After Nicaraguan independence from the United Provinces of Central America in 1838, the cities of Granada and León fought each other to be recognised as the capital city. Reminiscent of the cultural differences between Mayfair and Islington today, the city of Granada was favoured by the conservative bon viveur moneyed classes, who enjoyed displaying and spending their opulent wealth, while León was dominated by the liberal intellectual elite, who found more inspiration from political idealism, poetry and the arts, but also quite fully enjoyed the good life!
For many years there was violent conflict between the cities’ great dynastic families and political factions. Despite being intriguingly different, both cities had perfectly reasonable claims to be considered the capital of Nicaragua.
Finally in 1852 a highly impressive compromise was agreed, and the capital was established at Managua, which lay equidistant between them. As I hope you will soon discover for yourself however, the fascinating differences, both cultural and architectural, between Granada and León, remain as pronounced today as they still are between Islington and Mayfair.
From Saturday 7th to Tuesday 10thNovember we will be staying at the lovely Granada Hotel, nicely positioned in the heart of the old town very close to the major attractions. For those of you who may be intimidated by too much activity, the hotel has a large and charming pool, and you can dip and in and out of the itinerary as you wish.
There will be two or three different activities each day and we will have four guides and four vehicles on hand. As an extra bonus, beyond the architectural sites, Granada is now a gastronomic destination with over 120 restaurants specialising in sustainable, farm-to-table Spanish/Native American fusion cuisine. We will be dining in the very best of them, as well as visiting a few of the welcoming bars conveniently placed all over the city After exploring Granada on the first day, we will have a kaleidoscopic choice of excursions and day trips. I’d strongly recommend a guided tour of the architectural delights of the City of León and, after a superb lunch, a VIP reception at the award-winning and legendary Flor de Cana Rum Factory (run on 100 per cent renewable energy), where we will taste some of the world’s rarest and finest rums.
The Grand Chocolate tour is also not to be missed. It begins with a boat ride across Lake Nicaragua (also known as Lake Cocibolca) in the private nature reserve La Calera, which is located at the base of Mombacho volcano. At La Calera, horses will be provided for a guided tour of the tropical cocoa plantations to learn all the different stages of cocoa bean production, after which lunch includes an artisan chocolate tasting, which is not for the faint hearted!
For cigar lovers we will enjoy the fabulous drive to Estelli in the forested and mountainous north, to visit the tobacco plantations and cigar factories. My friend Juan Martin will welcome us at the Joyo de Nicaragua Cigar factory, the oldest in Nicaragua, where we will smoke the new Boisdale Cigar he has created for us, which is based upon the recipe used for the official White House cigar, as supplied by Joyo de Nicaragua to President Nixon in the 1970s. Lunch close by at Finca a Su Mesa, where Juan took me this April, will be a culinary pleasure as the uber relaxed proprietor Darren, who hails surprisingly from Texas, serves some of the most delicious and sublime steak I have ever tasted. He magically seasons and then lightly cold smokes the beef for 24 hours in an impressive home made contraption, before grilling on white hot charcoal. The locally made craft beers are equally wonderful.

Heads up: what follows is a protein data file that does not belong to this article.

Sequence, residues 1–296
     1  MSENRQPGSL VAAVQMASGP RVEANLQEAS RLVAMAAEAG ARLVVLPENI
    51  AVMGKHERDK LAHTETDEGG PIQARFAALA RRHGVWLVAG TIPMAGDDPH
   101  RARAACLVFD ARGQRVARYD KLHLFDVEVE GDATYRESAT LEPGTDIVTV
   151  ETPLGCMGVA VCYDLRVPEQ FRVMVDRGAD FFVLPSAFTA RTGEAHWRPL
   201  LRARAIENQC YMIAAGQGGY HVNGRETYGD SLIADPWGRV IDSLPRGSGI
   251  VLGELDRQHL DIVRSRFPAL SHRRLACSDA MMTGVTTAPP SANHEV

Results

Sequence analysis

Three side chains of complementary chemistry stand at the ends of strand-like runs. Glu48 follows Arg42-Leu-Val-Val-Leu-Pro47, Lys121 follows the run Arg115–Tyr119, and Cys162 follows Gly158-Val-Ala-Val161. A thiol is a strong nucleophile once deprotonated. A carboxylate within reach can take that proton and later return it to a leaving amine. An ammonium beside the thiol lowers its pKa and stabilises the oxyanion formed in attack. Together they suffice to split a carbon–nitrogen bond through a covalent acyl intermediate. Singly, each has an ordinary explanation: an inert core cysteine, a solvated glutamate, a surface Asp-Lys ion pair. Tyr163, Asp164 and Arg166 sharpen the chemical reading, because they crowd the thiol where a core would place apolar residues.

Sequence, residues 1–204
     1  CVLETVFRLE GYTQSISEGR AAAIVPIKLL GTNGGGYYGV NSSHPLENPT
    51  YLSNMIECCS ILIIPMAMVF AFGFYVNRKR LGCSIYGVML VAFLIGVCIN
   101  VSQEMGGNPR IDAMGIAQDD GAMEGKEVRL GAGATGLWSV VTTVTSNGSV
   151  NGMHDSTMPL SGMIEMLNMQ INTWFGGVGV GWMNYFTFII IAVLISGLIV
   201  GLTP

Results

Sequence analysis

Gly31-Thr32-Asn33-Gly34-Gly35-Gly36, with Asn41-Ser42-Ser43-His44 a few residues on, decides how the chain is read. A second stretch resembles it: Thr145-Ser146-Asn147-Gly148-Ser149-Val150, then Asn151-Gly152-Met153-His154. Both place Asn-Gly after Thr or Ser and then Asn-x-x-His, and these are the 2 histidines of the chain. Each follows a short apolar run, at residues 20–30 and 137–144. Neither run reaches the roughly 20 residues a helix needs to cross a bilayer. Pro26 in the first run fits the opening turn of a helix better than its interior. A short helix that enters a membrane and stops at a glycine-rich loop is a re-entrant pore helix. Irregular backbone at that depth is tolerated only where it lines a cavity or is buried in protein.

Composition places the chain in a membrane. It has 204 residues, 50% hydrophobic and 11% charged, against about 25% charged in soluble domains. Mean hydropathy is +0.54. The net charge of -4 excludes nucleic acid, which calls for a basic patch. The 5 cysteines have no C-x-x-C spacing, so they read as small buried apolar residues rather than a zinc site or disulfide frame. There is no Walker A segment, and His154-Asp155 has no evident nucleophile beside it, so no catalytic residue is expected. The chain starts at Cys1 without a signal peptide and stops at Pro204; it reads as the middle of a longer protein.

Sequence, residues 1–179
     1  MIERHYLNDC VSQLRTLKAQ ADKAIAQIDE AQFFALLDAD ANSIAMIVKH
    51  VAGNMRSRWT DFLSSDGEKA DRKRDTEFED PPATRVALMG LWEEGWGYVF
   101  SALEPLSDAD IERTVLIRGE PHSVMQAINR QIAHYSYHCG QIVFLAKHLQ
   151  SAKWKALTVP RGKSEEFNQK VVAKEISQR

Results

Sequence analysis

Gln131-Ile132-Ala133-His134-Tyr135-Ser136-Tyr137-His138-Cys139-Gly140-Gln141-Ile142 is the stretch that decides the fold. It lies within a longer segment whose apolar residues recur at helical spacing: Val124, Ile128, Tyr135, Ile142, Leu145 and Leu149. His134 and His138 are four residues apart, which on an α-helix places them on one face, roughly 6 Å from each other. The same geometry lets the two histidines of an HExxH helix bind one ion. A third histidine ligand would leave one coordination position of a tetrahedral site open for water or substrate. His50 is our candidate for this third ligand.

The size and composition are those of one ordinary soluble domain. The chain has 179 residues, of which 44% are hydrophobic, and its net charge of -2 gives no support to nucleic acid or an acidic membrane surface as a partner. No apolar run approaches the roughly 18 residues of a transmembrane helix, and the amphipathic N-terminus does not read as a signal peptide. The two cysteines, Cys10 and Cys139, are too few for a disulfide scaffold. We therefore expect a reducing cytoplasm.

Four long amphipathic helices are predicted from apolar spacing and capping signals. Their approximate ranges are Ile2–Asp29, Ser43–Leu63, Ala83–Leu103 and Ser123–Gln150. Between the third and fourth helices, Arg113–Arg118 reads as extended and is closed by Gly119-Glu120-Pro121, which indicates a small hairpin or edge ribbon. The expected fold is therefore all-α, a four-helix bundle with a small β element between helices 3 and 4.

On Wednesday we all travel by boat to Ometepe, the magical twin volcano island in Lake Nicaragua that the Aztecs believed to be the promised land and Mark Twain thought was paradise. The island is home to native Indian settlements, where they live pretty much as they did before the Spanish conquest. There are abundant archaeological remains, including 1,700 prehistoric rock carvings; and wonderful beaches with crystal-clean waters and miraculous wildlife. After a Native Indian feast of locally-grown vegetables, fruit and freshly caught fish, we’ll have time for a relaxing swim and some kayaking around the virgin coast.
Our final destination will be the entrancing Morgan’s Rock Hacienda & Eco Lodge, on a huge protected reserve of Nicaraguan jungle close to the Costa Rican border, to relax and/or explore for the remainder of the trip.
Surrounded by tropical forest, secluded super-luxe bungalows overlook a postcard-perfect beach, where the only sounds are crashing waves, bird song and howler monkeys.
This pioneering eco-lodge comes with its own organic farm and reforestation programme, but you won’t have to sacrifice comfort, style or service to go green! It’s simply one of the very best places to stay in Central America.
Sea turtles nest all the year round on the magnificent private beach, which lies at the mouth of a small river. It has a superb restaurant, supplied by the farm and the sea, as well as yoga and spa facilities.
For the adventurous there are nature trekking opportunities, by boat up river, or by foot into the forest. You see nature untouched, including numerous monkey and sloth species, anteaters, magnificent bird life and much, much more. There is also a boat equipped for excellent big game and reef fishing, with sailfish being the ultimate prize.
On Sunday morning we depart for Manuagua airport as converts to the incredible charm of Nicaragua. By no means will we have seen it all, but we will have experienced a taste of the infinite possibilities of Nicaragua, as well as hopefully enjoyed a most relaxing and inspiring holiday.
Assuming, of course, that we agree to ban all conversations about Brexit.